At the beginning of every semester, Penn’s computer science club (The Dining Philosophers) organizes a massive hackathon called PennApps. A hackathon is a 24- to 48-hour period, during which teams of engineers attempt to build the coolest possible creations from scratch that they can imagine. At the end of the weekend, various judges and sponsors pick top competitors and award prizes.
For PennApps Fall 2013, I competed with Teddy G., a bioengineering M&T (proof that you don’t need to be a computer scientist to do PennApps!), and Ashu G., a CIS major. We built Juke, a text-message controlled music player with an option to require payment to queue songs, much like a traditional jukebox. The judges really enjoyed what we built and awarded us a top 20 ranking out of over 200 teams. We also won a prize from a local start-up incubator, letting us join them for further mentorship. I can definitely credit the Wharton side of the M&T degree for turning what would just have been a cool web application into something with a business model and commercial viability.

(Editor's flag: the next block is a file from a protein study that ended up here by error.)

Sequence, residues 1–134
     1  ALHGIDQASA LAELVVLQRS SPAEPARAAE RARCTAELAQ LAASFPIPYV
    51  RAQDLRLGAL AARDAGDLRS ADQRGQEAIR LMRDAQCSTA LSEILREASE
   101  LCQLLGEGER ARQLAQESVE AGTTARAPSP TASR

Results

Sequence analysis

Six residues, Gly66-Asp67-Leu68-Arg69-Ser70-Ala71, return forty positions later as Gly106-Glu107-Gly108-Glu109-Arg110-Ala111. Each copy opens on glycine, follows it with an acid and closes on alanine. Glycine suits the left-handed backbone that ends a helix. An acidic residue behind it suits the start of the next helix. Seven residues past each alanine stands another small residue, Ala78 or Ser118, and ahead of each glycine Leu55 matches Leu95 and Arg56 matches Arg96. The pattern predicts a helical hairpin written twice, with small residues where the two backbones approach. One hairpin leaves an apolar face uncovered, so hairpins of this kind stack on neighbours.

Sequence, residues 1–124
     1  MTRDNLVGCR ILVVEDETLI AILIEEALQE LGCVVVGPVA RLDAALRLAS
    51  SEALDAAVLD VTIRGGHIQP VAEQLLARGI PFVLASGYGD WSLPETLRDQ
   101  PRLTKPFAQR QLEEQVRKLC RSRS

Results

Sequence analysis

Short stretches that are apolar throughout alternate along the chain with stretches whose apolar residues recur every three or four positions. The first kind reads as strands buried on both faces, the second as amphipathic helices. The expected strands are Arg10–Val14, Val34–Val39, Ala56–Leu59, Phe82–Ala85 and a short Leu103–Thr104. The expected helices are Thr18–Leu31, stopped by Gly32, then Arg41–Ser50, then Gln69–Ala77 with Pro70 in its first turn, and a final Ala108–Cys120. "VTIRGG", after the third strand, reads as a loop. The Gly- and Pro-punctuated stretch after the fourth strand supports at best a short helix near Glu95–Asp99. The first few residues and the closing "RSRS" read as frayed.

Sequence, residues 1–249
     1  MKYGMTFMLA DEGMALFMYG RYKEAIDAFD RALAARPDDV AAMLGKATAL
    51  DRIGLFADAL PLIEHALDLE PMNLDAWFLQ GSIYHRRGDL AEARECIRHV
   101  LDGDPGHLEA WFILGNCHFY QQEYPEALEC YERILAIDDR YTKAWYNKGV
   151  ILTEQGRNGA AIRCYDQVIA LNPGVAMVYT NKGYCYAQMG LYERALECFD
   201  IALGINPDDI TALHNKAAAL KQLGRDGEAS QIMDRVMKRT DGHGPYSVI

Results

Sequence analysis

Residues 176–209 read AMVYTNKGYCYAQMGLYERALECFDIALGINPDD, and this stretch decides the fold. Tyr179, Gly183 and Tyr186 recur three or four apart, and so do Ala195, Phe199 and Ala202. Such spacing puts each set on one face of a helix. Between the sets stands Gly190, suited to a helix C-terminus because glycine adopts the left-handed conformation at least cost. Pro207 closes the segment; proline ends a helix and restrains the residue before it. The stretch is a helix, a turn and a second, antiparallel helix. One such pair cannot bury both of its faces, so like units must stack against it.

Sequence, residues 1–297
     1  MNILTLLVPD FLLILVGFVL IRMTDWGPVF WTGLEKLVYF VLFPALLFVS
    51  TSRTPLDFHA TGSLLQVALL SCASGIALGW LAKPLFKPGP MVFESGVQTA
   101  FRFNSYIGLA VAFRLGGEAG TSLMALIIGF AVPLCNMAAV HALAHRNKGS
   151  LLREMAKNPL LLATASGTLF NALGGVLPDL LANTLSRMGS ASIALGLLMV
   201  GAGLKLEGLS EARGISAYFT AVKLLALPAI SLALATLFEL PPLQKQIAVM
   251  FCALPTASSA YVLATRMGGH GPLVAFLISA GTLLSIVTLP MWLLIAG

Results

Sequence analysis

However, PennApps (and hackathons in general) are about so much more than winning prizes. For some, PennApps is a time for reunion. Indeed, I ran into many of the friends I made this summer from Silicon Valley. My manager from my summer internship at Chegg even came out, as Chegg is a PennApps sponsor.
For others, PennApps is about networking. Accordingly, I met developers and executives from many top tech companies, companies I would absolutely love to interview with.
And for some, PennApps is about the human spirit of creation. Our team didn’t go into PennApps trying to win a prize or impress people; we just wanted to create something cool that we wished existed in the world. I think that’s the right attitude to have at a hackathon. The M&T program really facilitates this sort of inventiveness, making hackathons a great environment in which M&Ts can thrive. Fittingly, tons of M&Ts do PennApps every semester. It’s an integral part of the Penn experience that I can’t recommend enough.